- Third week. Pinking-up — this is the major change in the body of a cat during its third week of pregnancy. It is characterized by the nipples becoming red and enlarged. The cat also loses fur around the nipples, which is necessary for it will make it easier for the kittens to breastfeed.
- Fourth week. It’s during the fourth week of having some buns in the oven when a pregnant cat occasionally vomits in the morning. Also, it may have decreased appetite as a result of morning sickness. It’s a good idea to offer the cat small meals and clean water to keep it from being malnourished and dehydrated, too.
- Fifth week. The belly of a pregnant cat is noticeably larger when it’s in the fifth week of its gestation period. It doesn’t come as a surprise since the babies in its womb are developing their muscles. Since they already have muscles, you may see them moving when carefully observing the cat’s distended belly.
- Sixth week. Earlier, we mentioned that decreased appetite is a sign of pregnancy in cats. Well, a pregnant cat’s appetite increases during the sixth week of pregnancy. It’s not unlikely for it to ask for more food. Vets say that its nutritional needs are one and a half times more than before being pregnant.
- Seventh week. A cat in its seventh week of pregnancy is noticeably thirsty — make sure that it has easy access to clean water at all times. It’s also during this time when a vet can do an x-ray of a cat to determine how many kittens the pregnant feline will have in a couple of weeks.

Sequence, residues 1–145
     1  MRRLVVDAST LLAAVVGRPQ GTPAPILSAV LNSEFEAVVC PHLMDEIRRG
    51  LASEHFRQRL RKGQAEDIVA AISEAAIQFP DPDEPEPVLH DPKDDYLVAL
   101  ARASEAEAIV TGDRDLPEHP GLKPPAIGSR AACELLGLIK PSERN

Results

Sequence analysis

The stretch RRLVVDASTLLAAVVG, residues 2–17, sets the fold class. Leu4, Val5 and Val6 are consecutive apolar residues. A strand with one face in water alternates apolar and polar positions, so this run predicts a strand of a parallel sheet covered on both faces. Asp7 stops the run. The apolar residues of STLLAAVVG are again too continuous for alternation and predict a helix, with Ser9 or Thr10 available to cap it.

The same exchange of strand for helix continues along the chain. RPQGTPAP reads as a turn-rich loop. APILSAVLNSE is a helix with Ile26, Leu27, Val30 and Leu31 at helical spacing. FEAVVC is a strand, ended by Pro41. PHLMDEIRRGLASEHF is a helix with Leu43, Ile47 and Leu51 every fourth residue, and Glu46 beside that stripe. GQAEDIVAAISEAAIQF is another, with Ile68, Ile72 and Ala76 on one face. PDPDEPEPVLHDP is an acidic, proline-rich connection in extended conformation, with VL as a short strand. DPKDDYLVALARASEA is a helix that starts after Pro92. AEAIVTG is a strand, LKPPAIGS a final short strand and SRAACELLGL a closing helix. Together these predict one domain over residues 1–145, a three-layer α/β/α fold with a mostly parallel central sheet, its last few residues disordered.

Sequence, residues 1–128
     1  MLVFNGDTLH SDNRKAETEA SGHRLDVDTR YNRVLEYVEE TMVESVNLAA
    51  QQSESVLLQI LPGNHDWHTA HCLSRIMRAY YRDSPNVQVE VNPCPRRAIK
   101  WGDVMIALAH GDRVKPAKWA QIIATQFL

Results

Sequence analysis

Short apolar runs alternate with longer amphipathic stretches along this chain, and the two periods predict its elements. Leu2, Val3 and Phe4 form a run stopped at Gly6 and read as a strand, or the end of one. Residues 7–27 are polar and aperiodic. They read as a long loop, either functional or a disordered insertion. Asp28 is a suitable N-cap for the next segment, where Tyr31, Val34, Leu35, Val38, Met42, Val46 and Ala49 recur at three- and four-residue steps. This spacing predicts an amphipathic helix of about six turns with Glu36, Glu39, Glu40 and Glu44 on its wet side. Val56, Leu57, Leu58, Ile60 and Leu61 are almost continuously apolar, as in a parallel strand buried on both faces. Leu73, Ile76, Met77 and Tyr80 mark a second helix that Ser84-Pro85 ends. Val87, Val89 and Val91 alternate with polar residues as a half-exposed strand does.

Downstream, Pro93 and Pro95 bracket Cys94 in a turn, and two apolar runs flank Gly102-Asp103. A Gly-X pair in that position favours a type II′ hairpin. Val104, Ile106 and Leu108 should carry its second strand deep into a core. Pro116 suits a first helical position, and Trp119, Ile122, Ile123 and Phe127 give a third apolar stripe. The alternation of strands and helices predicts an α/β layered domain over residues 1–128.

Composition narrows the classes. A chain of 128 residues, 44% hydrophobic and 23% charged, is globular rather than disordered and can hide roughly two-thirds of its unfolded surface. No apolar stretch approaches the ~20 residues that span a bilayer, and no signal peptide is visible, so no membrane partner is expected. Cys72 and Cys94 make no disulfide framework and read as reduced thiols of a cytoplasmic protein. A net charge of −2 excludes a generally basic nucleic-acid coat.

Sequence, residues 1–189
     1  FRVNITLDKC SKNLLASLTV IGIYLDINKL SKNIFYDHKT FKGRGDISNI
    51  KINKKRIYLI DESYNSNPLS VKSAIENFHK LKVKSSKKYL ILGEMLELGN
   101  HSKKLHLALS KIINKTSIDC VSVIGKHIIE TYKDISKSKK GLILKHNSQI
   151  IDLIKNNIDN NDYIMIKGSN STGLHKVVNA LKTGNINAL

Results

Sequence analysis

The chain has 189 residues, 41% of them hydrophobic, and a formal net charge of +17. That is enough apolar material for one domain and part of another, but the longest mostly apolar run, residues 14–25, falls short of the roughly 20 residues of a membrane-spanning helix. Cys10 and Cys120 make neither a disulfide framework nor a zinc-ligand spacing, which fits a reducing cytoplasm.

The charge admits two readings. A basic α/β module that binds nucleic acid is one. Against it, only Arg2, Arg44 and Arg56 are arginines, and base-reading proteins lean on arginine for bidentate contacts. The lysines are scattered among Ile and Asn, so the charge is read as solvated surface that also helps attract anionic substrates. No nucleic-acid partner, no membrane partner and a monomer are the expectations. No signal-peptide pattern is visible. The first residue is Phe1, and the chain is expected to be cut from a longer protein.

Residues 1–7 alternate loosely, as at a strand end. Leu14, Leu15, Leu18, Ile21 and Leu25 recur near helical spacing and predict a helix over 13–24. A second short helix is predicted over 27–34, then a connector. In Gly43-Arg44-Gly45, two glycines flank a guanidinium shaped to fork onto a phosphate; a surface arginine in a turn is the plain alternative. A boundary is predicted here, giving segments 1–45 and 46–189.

- Eight week. The belly and breasts of a pregnant cat are considerably larger in the eight week of being in the family way. It may also groom itself more, although with some challenges due to its massive tummy. During the eight week of pregnancy, some cats may start looking for a place where they may give birth.
- Ninth week. Because the kittens in the pregnant cat’s womb are fully developed, they can come out at any given time in the ninth week. When labor strikes, the cat may have decreased appetite but increased thirst. It may also vocalize a lot, show signs of restlessness, and stay in its chosen birthing spot.
False Pregnancy in Cats
Above, we talked about nine things that can help you have an idea of whether or not a stray cat is pregnant. But just because a stray cat looks like it’s expecting doesn’t mean that it will give birth to a litter of kittens in 58 to 67 days.
There is also what veterinarians refer to as false pregnancy in cats.
Also known as phantom pregnancy, false pregnancy occurs when a mature female cat has all the signs and symptoms of pregnancy. However, the cat is not pregnant. So, in other words, there are no babies in its womb, and there are no babies that will come out of it after some time. But the good news is that a cat with false pregnancy can still get pregnant.
Practically every indicator that you could use on how to tell if a stray cat is pregnant can be observed in a feline with false pregnancy — from an enlarged belly, engorged breasts to vomiting.
False pregnancy usually happens anywhere from six to 12 weeks after the feline has been in heat. The signs and symptoms go away on their own after two to three weeks. However, in some instances, false pregnancy may last for several months. It’s also possible for a female cat to have multiple false pregnancies throughout its life.
To date, no one really knows the exact cause of false pregnancy in cats. However, vets agree that hormonal imbalances are major role players. Treatment for false pregnancy varies, including hormonal supplementation and surgery.